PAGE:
Get ready for photo overload! As promised, today's post is all about my trip to Europe. I hope you enjoy it and can learn a few useful tips for getting the photos you want when you are traveling. I'll also discuss how I balance shooting with my phone vs. my camera.
I photographed my trip with three different cameras: my trusty iPhone 6s, my Nikon d7000 and my absolute favorite, a medium format film camera called the Hasselblad 500 c/m. Let's get one thing straight about me; I absolutely LOVE film. I used Kodak Portra 400 for the photos below. Unfortunately, purchasing and developing film can get expensive, and it is a more time consuming format when on-the-go, otherwise I probably would have easily shot 30 rolls on this trip! Here are a few of my favorites.
Ponte Sant'Angelo - Bridge of Angels
Trajan Column & Heart of Rome
Streets of Montmartre, France
This is easily one of my favorite shots of my whole trip. This lady was so fun to talk to; I loved her accent, learning about her art background and techniques and hearing how her father also made a living as an artist in Montmartre before his old age.
When shooting film, you have to be super careful to get the right composition, exposure and especially make sure you subject is in focus. I shot this at f/2.8 which was risky, but I really wanted the image to capture the essence of who she is. I didn't want any other faces to distract in the background, but you still see enough of the quaint streets and the majestic Sacre Coeur behind her. Luckily, I snapped it at the perfect moment when she had the expression I was hoping for.
Moving on to some shots from my digital camera, I have to say that I LOVED having my wide angle lens for this trip! I use the Sigma 10-20mm lens which you can find here on Amazon. A wide angle helps so much when photographing landscapes, architecture and interiors. I was amazed at how much more I could get in my frame, especially when photographing inside cathedrals such as St. Peter's Basilica and Sainte-Chappel. It also allowed me to be close to a structure and still squeeze the majority of it in my frame.
One thing to note is that many places you might visit are CROWDED! It is hard to get ideal photographs when there are literally hundreds, if not thousands of people in the way. I decided to embrace it and then get creative with my compositions in order to eliminate the distracting people. I honestly loved how in Rome, you'll turn a random street corner and HELLO! There's an incredible historic landmark right in the middle. So this photo of the Pantheon shows that reality. I might not frame it, but I want to remember how I felt when I first saw it.
By walking closer and changing my composition, I'm able to get a good shot of just the Pantheon and nobody else in my frame. You don't have to settle; work around your scenario to get what you want!
Remember when I mentioned THOUSANDS of people? It wasn't easy navigating our way down the Spanish Steps. A simple iPhone photo was fine enough here for me.
It was fun to try and capture the culture and life in both Paris and Rome as well as photographing the main attractions. Look for details or side streets that catch your eye. I was also in love with the trees in Rome (see below).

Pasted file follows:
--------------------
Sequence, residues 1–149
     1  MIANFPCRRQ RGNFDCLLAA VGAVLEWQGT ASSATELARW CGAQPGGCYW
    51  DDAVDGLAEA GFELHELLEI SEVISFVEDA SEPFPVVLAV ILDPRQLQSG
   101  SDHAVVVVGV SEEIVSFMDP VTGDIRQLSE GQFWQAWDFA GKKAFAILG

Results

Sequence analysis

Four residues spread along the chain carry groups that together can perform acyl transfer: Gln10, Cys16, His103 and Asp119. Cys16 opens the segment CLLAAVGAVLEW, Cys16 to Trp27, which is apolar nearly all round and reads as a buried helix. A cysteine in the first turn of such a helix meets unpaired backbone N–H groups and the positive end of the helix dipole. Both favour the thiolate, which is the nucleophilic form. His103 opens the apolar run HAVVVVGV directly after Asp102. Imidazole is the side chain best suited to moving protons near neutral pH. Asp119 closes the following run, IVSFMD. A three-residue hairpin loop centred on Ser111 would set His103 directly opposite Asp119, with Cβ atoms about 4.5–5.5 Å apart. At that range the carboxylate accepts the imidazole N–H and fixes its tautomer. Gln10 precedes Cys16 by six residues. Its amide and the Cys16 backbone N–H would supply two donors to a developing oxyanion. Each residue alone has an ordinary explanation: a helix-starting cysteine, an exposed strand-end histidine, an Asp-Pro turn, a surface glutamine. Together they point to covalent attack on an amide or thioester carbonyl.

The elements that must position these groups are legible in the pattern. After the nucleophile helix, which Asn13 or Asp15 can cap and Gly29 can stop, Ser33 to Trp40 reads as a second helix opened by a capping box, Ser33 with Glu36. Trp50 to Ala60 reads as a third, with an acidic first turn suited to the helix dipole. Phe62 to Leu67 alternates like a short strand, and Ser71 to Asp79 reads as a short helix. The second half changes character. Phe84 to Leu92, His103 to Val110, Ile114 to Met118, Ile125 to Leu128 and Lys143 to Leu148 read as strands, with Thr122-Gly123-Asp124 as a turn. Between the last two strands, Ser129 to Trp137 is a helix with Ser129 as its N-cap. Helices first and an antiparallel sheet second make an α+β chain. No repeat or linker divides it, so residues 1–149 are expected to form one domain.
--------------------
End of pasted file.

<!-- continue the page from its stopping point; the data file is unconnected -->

We walked through the Roman Forum (below) in the middle of the day when the sun was at its highest and harshest point. I decided to play around with my aperture and shot this at f/22 to tone the sun down. I then brightened the foreground of the image in post-processing in order to see more detail. If I exposed for the foreground here, my sky would have blown out to all white. Try and get off the auto setting and you can get some really fun results.
Sainte-Chappel in Paris was easily my favorite cathedral. The 13th century stained-glass windows are absolutely breath-taking and are known as some of the best in the world! The entire structure is lined with fifteen huge panels; it's like a giant light box.
The sun peeked through the clouds a few minutes after we walked in and completely changed the look and feel of the whole chapel. The light that flooded through brought the colors to life and the glow was amazing. I'll never forget it. Both of these photos were shot with my wide-angle Sigma lens; I didn't regret packing that one along that day.
One huge benefit of carrying a DSLR on a trip is for photos at night. My iPhone images of this Eiffel Tower scene below are pretty much a laughing-matter. At night or in dark settings, phone photos can get so grainy and hardly hold any detail. It gets ten times worse if you try and zoom in at night. If you missed my previous post about my favorite travel tripod, the extremely small and affordable Pedco UltraPod II, check it out! I tried wrapping my little travel tripod around the fence at the top of the Arch de Triomphe but the fence wobbles too much to get a sharp long exposure. I had to reach through the fence and hold my camera by the strap (very risky, but I just couldn't resist!!) , and set the tripod on a ledge to get a steady surface for this shot. You just can't get this result with a phone camera.
Don't get me wrong, I love having an iPhone. So let's switch gears to my thoughts on iPhone photos! It was really nice to be able to tuck my camera away and make life easier by snapping a few iPhone photos whenever I wanted. It's light, fast and easy and for simple every-day memories, and for that, it does just fine.
If you've followed my blog long enough, you will already know how much I love the panorama feature on the iPhone :)
I also pair my iPhone with the app Snapseed to get better edited iPhone images. I highly recommend checking it out! Read my review of Snapseed here.
Well, that really is just a glimpse of what I saw while walking through the streets of Paris and Rome. Thanks for letting me get personal with this one, but I do hope I helped you get a step closer to getting better travel photos. Have a happy Friday and enjoy your weekend!